A recent case involving a couple from Guatemala raised questions of how the Gainesville Police Department handles suspects, victims and even witnesses who might not be in the U.S. legally.
The Gainesville Police Department said on Tuesday it will rewrite its policy of reporting undocumented immigrants to federal immigration officials.
This follows remarks made by GPD spokesperson Ben Tobias to The Gainesville Sun about a domestic violence case on Sunday that involved a couple from Guatemala. They were among about nine Guatemalans living in the apartment.
“In this instance, we have clear evidence to believe that they are illegal,” Tobias told The Sun on Monday. “If they are, we will report them to ICE.”
On Tuesday, Tobias walked back those comments.
“We are not immigration agents, and local law enforcement has no place in being immigration agents,” he told WUFT News.
GPD’s policy, which Chief Tony Jones asked be rewritten, states: “If an officer has contact with a foreign national, a contact that generates paperwork, it shall be clearly noted in the narrative section of the report. The Records Manager, or designee, is responsible for forwarding the proper information or documents to the appropriate agency, as required by federal regulations.”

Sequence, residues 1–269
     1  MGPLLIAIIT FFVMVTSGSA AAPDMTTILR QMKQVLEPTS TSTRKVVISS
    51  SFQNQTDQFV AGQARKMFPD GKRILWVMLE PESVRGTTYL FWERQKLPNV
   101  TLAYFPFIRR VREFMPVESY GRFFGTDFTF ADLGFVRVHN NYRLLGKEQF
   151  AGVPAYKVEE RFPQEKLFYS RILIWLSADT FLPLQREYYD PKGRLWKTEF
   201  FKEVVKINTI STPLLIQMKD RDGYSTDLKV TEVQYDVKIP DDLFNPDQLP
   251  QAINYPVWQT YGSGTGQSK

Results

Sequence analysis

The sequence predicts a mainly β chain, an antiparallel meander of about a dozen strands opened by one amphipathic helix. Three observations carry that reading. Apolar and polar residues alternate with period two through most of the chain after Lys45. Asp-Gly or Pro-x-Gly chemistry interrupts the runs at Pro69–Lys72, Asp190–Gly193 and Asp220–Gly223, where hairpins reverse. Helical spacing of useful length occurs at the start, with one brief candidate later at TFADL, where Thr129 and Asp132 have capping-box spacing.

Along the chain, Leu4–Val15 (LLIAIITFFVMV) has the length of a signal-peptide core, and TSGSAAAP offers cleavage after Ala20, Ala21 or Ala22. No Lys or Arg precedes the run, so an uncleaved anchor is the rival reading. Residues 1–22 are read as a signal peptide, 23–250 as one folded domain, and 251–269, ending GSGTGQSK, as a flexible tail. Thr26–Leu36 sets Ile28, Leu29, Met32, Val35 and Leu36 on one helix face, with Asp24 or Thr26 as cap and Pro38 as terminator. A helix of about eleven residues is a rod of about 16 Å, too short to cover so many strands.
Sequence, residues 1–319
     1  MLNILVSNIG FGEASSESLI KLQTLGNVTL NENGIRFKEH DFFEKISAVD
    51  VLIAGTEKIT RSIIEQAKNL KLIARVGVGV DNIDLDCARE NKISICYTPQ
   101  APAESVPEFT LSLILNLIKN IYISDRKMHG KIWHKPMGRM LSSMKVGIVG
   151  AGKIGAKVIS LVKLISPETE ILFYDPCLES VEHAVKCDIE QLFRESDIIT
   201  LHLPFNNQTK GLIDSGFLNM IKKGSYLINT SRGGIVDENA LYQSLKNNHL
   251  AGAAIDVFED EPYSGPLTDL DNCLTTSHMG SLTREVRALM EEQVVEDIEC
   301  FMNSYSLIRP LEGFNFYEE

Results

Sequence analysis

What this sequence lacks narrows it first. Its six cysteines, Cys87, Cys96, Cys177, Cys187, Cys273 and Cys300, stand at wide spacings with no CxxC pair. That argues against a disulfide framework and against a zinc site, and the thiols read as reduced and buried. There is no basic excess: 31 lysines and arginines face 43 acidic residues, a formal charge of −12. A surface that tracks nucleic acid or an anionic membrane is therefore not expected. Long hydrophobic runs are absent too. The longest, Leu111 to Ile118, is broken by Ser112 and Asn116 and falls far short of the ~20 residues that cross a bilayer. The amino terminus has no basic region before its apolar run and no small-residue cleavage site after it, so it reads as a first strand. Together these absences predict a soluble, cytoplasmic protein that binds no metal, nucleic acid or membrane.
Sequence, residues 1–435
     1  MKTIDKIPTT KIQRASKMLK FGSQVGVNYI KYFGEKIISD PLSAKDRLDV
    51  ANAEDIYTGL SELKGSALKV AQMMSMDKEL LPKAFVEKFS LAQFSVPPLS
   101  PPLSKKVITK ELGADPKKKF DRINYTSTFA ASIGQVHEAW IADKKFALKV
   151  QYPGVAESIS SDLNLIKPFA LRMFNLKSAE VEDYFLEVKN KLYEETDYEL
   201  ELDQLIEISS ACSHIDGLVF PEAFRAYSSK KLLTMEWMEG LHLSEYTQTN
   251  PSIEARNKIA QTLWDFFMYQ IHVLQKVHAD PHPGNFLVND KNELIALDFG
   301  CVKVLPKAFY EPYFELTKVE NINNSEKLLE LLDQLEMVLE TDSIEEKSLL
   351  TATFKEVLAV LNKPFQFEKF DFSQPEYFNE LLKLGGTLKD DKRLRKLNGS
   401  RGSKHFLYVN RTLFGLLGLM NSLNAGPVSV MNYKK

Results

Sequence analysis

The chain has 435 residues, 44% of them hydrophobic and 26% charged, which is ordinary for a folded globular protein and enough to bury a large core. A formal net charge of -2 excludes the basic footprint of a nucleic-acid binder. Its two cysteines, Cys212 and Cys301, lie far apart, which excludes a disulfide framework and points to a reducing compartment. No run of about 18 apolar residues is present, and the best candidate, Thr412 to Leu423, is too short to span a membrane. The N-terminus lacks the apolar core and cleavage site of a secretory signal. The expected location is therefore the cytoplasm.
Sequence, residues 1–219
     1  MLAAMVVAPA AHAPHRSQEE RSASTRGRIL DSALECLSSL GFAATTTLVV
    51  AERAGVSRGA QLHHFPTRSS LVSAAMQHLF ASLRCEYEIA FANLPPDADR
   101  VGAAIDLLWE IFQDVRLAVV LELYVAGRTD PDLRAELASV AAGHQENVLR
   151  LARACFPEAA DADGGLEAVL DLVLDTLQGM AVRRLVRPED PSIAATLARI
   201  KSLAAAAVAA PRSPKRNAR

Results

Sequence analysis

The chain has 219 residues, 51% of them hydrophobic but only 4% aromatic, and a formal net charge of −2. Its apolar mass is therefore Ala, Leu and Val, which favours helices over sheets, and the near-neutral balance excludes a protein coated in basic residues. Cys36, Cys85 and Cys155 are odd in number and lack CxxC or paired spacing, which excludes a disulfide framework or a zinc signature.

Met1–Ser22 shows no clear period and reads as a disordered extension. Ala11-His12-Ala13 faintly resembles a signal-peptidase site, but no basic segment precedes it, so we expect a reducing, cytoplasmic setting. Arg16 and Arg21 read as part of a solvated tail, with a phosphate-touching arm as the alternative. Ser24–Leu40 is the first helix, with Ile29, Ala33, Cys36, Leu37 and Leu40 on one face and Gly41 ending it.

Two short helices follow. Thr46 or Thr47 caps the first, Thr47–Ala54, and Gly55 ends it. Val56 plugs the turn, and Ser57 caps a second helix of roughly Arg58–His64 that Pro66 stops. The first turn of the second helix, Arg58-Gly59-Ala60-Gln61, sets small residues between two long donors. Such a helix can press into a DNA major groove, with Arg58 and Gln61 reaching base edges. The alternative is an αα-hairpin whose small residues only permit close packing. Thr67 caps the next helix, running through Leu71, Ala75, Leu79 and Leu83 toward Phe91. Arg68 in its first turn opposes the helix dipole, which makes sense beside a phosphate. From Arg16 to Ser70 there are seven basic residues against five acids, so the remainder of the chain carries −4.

Under current federal law, police departments are not required to report any undocumented person they come into contact with to the U.S. Immigration and Customs Enforcement, or ICE.
Both Jones and Tobias said GPD’s practice has never been to report anyone to ICE and to this day, the department has never reported a single person.
“We go back and look at our policy and ask if this is clearly written – we found that it was not,” Tobias said. “With the way that Mayor Poe and the city commission have let this city be a welcoming city, we don’t want to have anything that’s contrary to that in our department policy.”
Gainesville Mayor Lauren Poe echoed those remarks, reiterating that he does not support a policy that authorizes officers to report people to ICE.
“It’s not a local law enforcement matter,” Poe said. “We will continue doing what we’ve always done, which is taking calls, protecting people, holding those accountable committing crime, but not checking immigration status.”